I personally enjoy Shelley and the Romantics, mostly because I am aware of their situation in the development of English poetry. The Enlightenment jettisoned a religious explanation of the world, and so the Romantics attempted to jettison a wholly rational explanation, in the process coming closer to a psycho-spiritual engagement with the beauty and terror of nature and our comparatively small place in it. This encounter with sublimity yielded verse that was impassioned and free (within its technical constraints). These poems, and the lives of their creators, often transpiring on the fringes of acceptable society, would inspire many writers in America, in the 19th century and well beyond. 


  3. Selected Poems by Percy Bysshe Shelley

    by Chris Motley

    If you have been to high school, chances are you have seen “Ozymandias,” by far Percy Bysshe Shelley’s most famous poem. Though it opens the Mouse Books collection of his verse, I include it here:

    I met a traveller from an antique land
    Who said: Two vast and trunkless legs of stone
    Stand in the desert…Near them, on the sand,
    Half sunk, a shattered visage lies, whose frown,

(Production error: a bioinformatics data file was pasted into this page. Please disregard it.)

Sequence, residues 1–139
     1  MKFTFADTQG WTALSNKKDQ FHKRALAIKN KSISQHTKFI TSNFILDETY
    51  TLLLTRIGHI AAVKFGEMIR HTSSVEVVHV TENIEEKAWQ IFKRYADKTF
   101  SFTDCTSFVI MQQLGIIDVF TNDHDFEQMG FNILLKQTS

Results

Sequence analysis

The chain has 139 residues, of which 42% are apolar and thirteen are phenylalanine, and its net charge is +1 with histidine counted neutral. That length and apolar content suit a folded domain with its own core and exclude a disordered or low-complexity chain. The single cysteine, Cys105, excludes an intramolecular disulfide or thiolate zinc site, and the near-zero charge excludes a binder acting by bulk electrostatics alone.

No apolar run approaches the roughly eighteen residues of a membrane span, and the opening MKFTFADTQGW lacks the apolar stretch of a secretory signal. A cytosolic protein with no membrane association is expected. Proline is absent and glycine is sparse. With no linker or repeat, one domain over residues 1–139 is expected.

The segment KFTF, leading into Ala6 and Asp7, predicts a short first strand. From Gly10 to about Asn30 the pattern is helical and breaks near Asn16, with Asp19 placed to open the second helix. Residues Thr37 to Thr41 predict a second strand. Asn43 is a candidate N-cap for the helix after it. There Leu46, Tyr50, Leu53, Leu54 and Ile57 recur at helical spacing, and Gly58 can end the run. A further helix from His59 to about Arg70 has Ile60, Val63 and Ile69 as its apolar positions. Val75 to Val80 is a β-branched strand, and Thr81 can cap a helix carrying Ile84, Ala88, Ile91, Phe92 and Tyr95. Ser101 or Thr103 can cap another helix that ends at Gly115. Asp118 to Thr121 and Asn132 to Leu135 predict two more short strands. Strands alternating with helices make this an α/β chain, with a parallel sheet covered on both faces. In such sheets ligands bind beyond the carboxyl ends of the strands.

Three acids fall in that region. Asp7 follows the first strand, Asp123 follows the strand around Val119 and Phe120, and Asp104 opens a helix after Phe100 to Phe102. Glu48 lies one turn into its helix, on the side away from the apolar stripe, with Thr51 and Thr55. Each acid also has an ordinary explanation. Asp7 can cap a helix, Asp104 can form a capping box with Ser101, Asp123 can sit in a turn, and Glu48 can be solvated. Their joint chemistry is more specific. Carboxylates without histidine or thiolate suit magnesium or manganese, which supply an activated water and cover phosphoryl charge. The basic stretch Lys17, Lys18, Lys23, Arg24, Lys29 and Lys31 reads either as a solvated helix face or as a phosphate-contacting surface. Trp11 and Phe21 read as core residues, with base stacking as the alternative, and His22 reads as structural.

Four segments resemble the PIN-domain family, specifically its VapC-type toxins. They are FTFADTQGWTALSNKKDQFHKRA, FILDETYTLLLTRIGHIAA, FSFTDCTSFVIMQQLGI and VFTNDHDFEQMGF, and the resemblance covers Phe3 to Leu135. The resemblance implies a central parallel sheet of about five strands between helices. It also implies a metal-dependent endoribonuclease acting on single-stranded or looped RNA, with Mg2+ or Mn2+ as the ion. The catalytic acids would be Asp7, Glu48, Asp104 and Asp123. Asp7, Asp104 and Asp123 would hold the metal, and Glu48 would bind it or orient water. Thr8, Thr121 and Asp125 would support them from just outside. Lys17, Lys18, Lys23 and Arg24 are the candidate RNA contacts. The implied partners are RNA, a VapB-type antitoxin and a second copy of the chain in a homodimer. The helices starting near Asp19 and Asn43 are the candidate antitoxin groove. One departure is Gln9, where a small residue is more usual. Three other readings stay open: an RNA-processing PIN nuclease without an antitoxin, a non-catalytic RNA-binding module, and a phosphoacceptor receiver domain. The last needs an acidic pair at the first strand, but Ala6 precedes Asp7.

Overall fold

And wrinkled lip, and sneer of cold command,
    Tell that its sculptor well those passions read
    Which yet survive, stamped on these lifeless things,
    The hand that mocked them, and the heart that fed:
    And on the pedestal these words appear:
    “My name is Ozymandias, king of kings:
    Look on my works, ye Mighty, and despair!”
    Nothing beside remains. Round the decay
    Of that colossal wreck, boundless and bare
    The lone and level sands stretch far away.

    There is plenty here that speaks to our age, especially the folly of kingly vanity and the inevitable march of Nature herself. Indeed have we not reached a point where we struggle to view even our greatest creations and not also see the “colossal wreck” that our worldbuilding will eventually yield?